This may seem obvious, but the auditions is a fight to the death. It’s not something to be undertaken lightly. I’ve kept a flippant tone; however, the Left Hand and the auditioners kill people, and there are very real mental, physical, and emotional ramifications. Auditions should not be undertaken lightly.

  1. Or be prepared to split.

Just get out of there. Surviving auditions—even if you aren’t named a Left Hand member—is still a pretty huge accomplishment. Eat some good food, get some cool, new black clothes, and duck out of auditions with your life intact.

  1. Play to your strengths.

Look at you! You’ve got angles that work! Use them. If you’re the punchiest person this side of the Caracol, punch your way through auditions. If you’re the sneakiest, sneak your way through auditions. Own your strengths!

The auditions are a fight to the death filled with the best, and if you’re in them, it means you’re the best. Use that. Everyone has a strength. Everyone has the potential to survive. You can and you will.

Everything else you need to know about the author, where to buy Mask of Shadows, how to win a copy of the book, and to read other posts from those on the tour can be found below!

About the Author:

A wayward biology student from Arkansas, Linsey has previously worked as a crime lab intern, lab assistant, and pharmacy technician. Her debut novel MASK OF SHADOWS is the first in a fantasy duology coming in August 2017 from Sourcebooks Fire. She can be found writing about science and magic anywhere there is coffee.

Goodreads Link:

https://www.goodreads.com/book/show/29960675-mask-of-shadows

Preorder Links:

The Book Depository || Barnes and Noble || IndieBound || Amazon

Social Media:

Website: www.linseymiller.com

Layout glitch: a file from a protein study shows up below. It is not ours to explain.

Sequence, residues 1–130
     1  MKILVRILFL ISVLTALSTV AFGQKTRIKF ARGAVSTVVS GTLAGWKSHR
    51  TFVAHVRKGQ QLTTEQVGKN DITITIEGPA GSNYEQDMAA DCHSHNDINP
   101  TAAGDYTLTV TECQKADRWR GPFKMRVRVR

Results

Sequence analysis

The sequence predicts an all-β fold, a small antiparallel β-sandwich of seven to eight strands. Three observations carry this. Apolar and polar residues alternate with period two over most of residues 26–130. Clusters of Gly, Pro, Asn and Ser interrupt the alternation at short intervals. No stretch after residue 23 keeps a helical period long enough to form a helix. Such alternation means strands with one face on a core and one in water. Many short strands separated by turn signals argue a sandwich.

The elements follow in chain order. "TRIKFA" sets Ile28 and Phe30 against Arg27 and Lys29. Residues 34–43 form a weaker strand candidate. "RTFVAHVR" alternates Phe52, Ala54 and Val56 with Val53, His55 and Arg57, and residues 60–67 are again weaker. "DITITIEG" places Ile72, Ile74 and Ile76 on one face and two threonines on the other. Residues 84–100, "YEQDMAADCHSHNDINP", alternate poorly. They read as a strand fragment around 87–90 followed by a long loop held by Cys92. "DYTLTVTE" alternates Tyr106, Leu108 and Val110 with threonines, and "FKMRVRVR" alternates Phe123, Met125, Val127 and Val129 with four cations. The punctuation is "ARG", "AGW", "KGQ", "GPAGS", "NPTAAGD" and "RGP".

Tumblr: www.linseymiller.tumblr.com
Twitter: www.twitter.com/LinseyMiller
Instagram: www.instagram.com/linsey.miller/
Pinterest: www.pinterest.com/AuthorLinseyM/

 

 

GIVEAWAY DETAILS:

The Prize: 1 Copy of Mask Of Shadows by Linsey Miller

Open to US Residents Only


Here is the Rafflecopter Giveaway:

http://www.rafflecopter.com/rafl/display/4197540e138
 

Tour Stops

9/3 Tour Stops

 

Interview – Emily Reads Everything

Unique Post  – Roecker Reviews

Review – Bayy In Wonderland

Review – Bookishly Thinking

9/10  Tour Stops

Interview – Tween 2 Teen Books

Review –Charmingly Simple

Review – Pondering The Prose

Interview  – When Curiosity Killed The Cat

9/17  Tour Stops

Interview – YA and Wine

Style Boards – Here’s To Happy Endings

Review – Areli Reads

Review – The Hermit Librarian

Interview – Sarcasm and Lemons

9/24 Tour Stops

Interview – Flyleaf Chronicles

Review –  Books N Calm

Review – A Thousand Words A Million Books

Guest Post – Written Infinities

Girl Made of Stars: A Review

Hello Readers & Writers,

I had the wonderful honor of receiving a copy of Girl Made of Stars by Ashley Blake from HMH Teen. This book is due out in May 2018.

Before I start this review, there are two things to note:

  • This review will contain minimal spoilers so no need to click away.
  • If you are triggered by sexual assault, please take caution reading this book. Sexual Assault is the plot and deals not only with this, but with consent, slut-shaming, victim blaming, and how sexual assault is handled by the criminal justice system.

With that being said, let’s dive in.

Girl Made of Stars is one of the most powerful, heartbreaking, and hopeful books I’ve ever read. I will not say it is an easy read, because the subject matter is heavy and an overwhelming problem in society, but this book puts it all on the table. Ashley Blake challenges the notion of choosing the easy way out, of being complacent, of what happens when trust is obliterated.

31351689The story opens up with a glimpse into Mara and Owen’s lives. They are twins and they are as close as expected, a pair that has always found comfort in storytelling and constellations. You immediately feel their genuine bond and their unwavering security in one another. You also get a glimpse into their family and social circles. For being teenagers, their lives have a solid foundation.

But all of this unravels quickly as Hannah, one of Mara’s closest friends, doesn’t show up to school and a phone call to her parents reveals Hannah’s family wants to sue for what Owen did to her. It doesn’t click in Mara’s head at first. Her brother wouldn’t rape anybody, let alone Hannah. On the opposite end, Hannah wouldn’t lie about being raped. Quickly, Mara is thrown into a whirlwind of not only deciphering what’s real and what’s not, but memories of her own past she hasn’t allowed herself to discuss. She is also dealing with breaking up with her girlfriend Charlie, as she doesn’t want their friendship ruined by dating.